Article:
The 2008 Summer Olympics will punctuate three decades of development and test China's global legitimacy. They've already transformed the way millions of people think and live. Seattleite and Fulbright researcher Daniel Beekman brings you Beijing.
May 15, 2008 12:54 AM
Posted by Daniel Beekman
On Monday, a deadly earthquake - magnitude 7.8 on the Richter scale - shook western China's Sichuan province apart.
As of 8am Beijing time Thursday morning (5pm Wednesday in Seattle), the earthquake's reported death toll had surpassed 15,000. Nearly 26,000 people remained buried under collapsed buildings and wreckage.
The earthquake triggered landslides that blocked roads to hard-hit areas. Rugged Sichuan is one of China's poorest and most populous regions. Heavy rain raked the province following the earthquake and tens of thousands of victims are currently homeless.
Some 2,000 Chinese soldiers are working to plug cracks in a two-year-old dam; flooding threatens downstream communities still reeling from the earthquake. In one town of 10,000 people, as few as 2,300 may have survived.
The earthquake has dominated headlines and news broadcasts in Beijing, where a minor earthquake caused no serious damage on Monday. According to Chinese spokespeople, no Olympic venues were affected.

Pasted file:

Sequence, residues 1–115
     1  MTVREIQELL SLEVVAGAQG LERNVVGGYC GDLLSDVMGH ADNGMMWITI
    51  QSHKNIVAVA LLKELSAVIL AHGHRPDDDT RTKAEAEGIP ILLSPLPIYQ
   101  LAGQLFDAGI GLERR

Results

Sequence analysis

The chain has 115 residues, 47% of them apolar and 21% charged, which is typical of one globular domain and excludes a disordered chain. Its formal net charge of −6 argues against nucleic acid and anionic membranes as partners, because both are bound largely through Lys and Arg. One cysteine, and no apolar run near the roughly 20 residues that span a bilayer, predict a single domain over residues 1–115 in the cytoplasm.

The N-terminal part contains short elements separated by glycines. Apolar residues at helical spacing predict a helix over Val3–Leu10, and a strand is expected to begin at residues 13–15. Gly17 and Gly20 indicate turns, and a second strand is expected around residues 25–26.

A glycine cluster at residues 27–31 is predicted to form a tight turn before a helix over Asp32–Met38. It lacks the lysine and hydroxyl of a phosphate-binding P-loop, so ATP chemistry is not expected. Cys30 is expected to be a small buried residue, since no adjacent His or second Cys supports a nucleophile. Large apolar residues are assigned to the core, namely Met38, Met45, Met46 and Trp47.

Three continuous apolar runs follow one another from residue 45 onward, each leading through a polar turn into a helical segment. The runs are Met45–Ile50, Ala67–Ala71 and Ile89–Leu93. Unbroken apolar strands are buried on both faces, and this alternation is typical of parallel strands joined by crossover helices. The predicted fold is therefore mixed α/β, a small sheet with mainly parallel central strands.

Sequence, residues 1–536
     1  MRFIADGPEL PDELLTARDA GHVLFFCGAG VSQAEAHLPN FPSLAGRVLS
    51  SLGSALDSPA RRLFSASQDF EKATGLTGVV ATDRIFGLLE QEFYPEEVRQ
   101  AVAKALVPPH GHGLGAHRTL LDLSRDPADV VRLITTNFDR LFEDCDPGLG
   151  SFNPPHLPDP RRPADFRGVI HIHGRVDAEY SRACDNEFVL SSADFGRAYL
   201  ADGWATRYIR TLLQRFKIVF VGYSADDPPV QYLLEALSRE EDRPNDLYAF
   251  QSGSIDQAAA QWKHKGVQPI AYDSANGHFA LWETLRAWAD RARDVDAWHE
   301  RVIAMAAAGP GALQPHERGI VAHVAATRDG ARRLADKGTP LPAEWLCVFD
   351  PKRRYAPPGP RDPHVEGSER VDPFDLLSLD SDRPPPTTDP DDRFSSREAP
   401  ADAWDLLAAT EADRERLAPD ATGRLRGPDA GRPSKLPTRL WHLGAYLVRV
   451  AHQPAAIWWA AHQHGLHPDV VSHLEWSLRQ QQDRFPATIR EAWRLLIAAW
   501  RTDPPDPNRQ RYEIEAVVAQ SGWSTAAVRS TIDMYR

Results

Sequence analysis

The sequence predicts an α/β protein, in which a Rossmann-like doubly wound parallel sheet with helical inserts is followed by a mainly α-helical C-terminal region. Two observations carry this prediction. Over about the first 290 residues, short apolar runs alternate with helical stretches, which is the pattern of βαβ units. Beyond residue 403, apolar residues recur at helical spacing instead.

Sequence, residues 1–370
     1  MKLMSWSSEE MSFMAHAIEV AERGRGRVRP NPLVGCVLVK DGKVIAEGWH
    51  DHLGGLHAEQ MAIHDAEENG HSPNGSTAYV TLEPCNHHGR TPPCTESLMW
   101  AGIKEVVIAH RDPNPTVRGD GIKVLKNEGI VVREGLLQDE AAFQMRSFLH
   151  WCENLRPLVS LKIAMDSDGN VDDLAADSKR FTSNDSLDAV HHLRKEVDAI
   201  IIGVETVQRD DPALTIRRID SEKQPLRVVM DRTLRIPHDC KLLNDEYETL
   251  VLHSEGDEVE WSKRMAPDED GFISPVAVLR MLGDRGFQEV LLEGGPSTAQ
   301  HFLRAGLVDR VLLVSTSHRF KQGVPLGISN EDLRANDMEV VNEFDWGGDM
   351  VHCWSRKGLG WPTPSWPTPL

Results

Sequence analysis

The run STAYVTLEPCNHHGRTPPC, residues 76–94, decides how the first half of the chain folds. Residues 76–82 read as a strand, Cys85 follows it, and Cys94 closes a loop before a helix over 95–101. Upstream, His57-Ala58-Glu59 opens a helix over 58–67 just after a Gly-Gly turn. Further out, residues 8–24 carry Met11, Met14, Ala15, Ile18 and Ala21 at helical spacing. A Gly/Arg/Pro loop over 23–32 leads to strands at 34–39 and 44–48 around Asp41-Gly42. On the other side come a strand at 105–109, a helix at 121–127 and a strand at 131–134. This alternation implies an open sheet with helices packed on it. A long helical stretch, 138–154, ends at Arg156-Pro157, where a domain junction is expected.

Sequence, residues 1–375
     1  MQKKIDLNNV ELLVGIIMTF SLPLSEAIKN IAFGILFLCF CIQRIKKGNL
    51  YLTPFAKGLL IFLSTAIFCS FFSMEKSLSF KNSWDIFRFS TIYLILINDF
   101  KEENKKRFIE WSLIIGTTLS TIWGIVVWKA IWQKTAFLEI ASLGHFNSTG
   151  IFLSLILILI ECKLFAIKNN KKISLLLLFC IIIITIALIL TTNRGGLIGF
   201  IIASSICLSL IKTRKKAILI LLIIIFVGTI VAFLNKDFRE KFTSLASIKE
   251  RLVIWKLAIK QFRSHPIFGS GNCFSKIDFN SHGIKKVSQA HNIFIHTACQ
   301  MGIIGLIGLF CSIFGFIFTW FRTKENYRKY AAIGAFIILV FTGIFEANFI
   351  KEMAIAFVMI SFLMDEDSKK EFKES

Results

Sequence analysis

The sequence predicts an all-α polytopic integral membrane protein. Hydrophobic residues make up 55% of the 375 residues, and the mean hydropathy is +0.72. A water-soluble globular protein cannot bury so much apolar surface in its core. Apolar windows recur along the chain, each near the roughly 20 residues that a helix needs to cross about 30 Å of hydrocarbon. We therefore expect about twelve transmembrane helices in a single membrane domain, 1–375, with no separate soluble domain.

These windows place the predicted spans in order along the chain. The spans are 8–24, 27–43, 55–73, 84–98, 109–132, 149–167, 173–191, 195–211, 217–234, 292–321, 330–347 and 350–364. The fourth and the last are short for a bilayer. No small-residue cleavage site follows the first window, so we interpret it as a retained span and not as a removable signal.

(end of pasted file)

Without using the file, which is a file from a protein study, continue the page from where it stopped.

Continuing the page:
China has scaled back its domestic torch relay, less than 100 days before Beijing's Olympic Games. Meanwhile, the International Olympic Committee has donated US$1 million to the earthquake relief effort and committee president Jacque Rogge has written a letter of condolence to Chinese leaders.
China has faced one crisis after another in this, its Olympic year. Fierce snowstorms buffeted south China just before February's Spring Festival, when millions of migrant workers board trains and head for home. In March, protests/riots in Tibet stirred international concern. Last month, activists in Paris and London opposed China's Olympic torch relay, angering Chinese nationals. In early May, a train crashed between Beijing and Qingdao, a city on the Yellow Sea, killing more than 70 people. More than 40 children in China have died from HFMD (Hand Foot & and Mouth Disease), an intestinal virus, this month.
Migrant workers from Sichuan - who man construction crews everywhere in China - are struggling to reach their loved ones back home.
Journalists and bloggers are praising China's notoriously close-lipped government for the unprecedented freedom it has given local media covering the earthquake.
The Internet and 'new media' played a noteworthy role post-earthquake.
China-hand Peter Hessler of the New Yorker has suggested that many people here will draw connections between the country's bad luck and the 2008 Beijing Olympic Games.
After speaking with Chinese friends, I'd have to agree. According to other reports, however, the disaster has released China's Olympics - at least temporarily - from international criticism.
Check back with Blogging Beijing tomorrow for earthquake reaction in Beijing.
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